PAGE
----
This New Hologram Tech Will Make You Miss Old-Fashioned Zoom Meetings

Startup technology brand Matsuko promises you can have a three-dimensional holographic presence at meetings with just an app. Hooray?

A hologram image at a meeting via Matsuko, a new startup hologram tech company
Our new hologram overlords will be pleased

For all the issues that come with having a meeting on Zoom — connection issues, Zoom dysmorphia, “you’re on mute,” etc. — it certainly beats whatever Mark Zuckerberg’s idea of putting on headsets and hosting virtual get-togethers in an undefined Metaverse via avatars.

But even that might be better than holograms. As reported by Fast Company, Matsuko — a startup founded by a former AI researcher and an Assassin’s Creed programmer — has created an app that lets people stream 3-D holographic images of themselves via their iPhone camera. If that was all, maybe it’d be cool, but other meeting participants will need to use their phone to see you in AR or use a mixed reality set of glasses like the HoloLens2 (or, soon, the Meta Quest).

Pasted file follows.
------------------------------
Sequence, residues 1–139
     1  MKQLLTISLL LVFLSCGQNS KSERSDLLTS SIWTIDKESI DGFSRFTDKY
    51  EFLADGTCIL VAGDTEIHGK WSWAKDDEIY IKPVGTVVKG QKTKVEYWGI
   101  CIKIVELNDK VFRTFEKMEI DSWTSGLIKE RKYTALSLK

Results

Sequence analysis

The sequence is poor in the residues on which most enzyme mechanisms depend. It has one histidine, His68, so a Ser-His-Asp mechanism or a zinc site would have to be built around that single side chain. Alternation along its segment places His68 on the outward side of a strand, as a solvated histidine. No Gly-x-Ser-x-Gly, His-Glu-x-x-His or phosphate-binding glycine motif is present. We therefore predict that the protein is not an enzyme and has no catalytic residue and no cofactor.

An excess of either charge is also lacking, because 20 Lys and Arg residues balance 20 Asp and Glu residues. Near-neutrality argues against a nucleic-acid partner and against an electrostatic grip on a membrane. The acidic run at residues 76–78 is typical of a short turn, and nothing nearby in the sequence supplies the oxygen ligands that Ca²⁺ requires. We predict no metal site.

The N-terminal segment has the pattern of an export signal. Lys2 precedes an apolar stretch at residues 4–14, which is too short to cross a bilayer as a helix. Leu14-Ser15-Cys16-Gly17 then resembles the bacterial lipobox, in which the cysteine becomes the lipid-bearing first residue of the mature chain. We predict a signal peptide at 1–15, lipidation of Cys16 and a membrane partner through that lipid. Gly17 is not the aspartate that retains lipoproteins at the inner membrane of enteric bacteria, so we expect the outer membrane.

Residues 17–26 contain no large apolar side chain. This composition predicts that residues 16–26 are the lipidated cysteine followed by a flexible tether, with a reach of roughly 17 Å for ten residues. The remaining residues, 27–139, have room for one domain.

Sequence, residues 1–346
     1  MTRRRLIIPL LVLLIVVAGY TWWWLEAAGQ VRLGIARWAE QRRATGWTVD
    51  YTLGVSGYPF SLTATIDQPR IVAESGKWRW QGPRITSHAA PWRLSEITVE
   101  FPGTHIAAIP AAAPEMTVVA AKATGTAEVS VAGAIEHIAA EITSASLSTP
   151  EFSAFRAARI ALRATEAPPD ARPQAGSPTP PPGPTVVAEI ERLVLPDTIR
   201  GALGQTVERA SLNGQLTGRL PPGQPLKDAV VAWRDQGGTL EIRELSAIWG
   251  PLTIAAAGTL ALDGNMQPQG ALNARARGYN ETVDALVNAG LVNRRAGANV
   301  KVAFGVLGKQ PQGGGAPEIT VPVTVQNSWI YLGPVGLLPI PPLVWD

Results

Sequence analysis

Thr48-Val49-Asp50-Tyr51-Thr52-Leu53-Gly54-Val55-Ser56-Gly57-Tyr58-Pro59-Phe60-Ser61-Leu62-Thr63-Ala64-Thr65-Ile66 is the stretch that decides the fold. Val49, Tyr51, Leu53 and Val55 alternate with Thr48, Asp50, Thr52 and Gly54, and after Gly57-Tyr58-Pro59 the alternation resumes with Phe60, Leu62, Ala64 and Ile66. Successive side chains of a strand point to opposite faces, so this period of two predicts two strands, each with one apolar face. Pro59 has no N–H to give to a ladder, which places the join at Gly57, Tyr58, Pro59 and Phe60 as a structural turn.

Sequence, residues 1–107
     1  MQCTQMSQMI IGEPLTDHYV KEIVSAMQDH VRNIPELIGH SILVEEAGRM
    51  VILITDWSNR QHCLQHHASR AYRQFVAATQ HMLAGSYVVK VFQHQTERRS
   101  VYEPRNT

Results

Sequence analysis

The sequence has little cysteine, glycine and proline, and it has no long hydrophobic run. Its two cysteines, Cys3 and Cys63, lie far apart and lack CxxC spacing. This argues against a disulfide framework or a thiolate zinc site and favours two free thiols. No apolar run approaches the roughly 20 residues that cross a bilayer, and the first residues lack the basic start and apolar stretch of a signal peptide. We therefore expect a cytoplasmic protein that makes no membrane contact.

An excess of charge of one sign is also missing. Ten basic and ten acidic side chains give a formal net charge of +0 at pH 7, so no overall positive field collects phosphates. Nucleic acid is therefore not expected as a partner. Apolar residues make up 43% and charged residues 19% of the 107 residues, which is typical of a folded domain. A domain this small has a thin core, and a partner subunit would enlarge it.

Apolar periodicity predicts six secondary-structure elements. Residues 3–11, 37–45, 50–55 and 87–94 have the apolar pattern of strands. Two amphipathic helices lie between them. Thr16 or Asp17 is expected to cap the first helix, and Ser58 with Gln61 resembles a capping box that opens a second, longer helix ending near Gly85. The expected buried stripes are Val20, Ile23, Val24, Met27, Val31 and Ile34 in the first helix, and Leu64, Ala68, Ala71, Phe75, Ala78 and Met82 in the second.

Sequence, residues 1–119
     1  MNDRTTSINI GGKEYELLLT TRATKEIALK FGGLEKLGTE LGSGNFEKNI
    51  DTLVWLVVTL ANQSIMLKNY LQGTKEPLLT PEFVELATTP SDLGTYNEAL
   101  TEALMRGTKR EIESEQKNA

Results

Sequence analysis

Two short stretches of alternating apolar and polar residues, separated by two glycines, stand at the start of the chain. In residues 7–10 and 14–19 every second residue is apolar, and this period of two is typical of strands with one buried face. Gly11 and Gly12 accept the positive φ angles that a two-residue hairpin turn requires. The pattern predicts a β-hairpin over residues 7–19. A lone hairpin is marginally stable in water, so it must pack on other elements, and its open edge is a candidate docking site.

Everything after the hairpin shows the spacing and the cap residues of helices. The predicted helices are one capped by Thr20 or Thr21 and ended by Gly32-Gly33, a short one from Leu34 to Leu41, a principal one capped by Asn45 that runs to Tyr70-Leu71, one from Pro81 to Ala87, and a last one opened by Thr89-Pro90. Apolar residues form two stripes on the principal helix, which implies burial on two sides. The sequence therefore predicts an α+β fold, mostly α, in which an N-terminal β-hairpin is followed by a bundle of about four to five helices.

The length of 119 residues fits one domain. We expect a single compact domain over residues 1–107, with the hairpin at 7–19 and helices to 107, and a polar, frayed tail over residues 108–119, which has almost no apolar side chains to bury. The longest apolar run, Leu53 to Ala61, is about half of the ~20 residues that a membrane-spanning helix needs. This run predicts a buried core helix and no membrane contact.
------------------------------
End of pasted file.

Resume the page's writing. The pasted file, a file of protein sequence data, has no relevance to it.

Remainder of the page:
Fast Company describes the resulting interaction as “a bit jagged, much like when someone uses a virtual background on Zoom.”

“If these past two years have shown us anything, it is that as humans we need each other’s presence,” said Maria Vircikova, co-founder and CEO of Matsuko. “And even though we have come a long way with remote communication, today’s tools are still way too distant. Our brain is wired for the third dimension, and we need a sensation of people physically being there.”

While holograms like you see in sci-fi films would be an interesting future outcome of this early-stage technology, right now it seems rather impractical to ask every meeting participant to use their phone, app and/or mixed reality glasses just so Nora from Portland can beam in three-dimensionally…a janky 3-D at that. That said, there’s some promise in the hologram space — the previously announced PORTL seems like a fun way to create lifesize (and live) holograms for big events, while Google’s Project Starline promises more of a “mirror-like” hologram experience.

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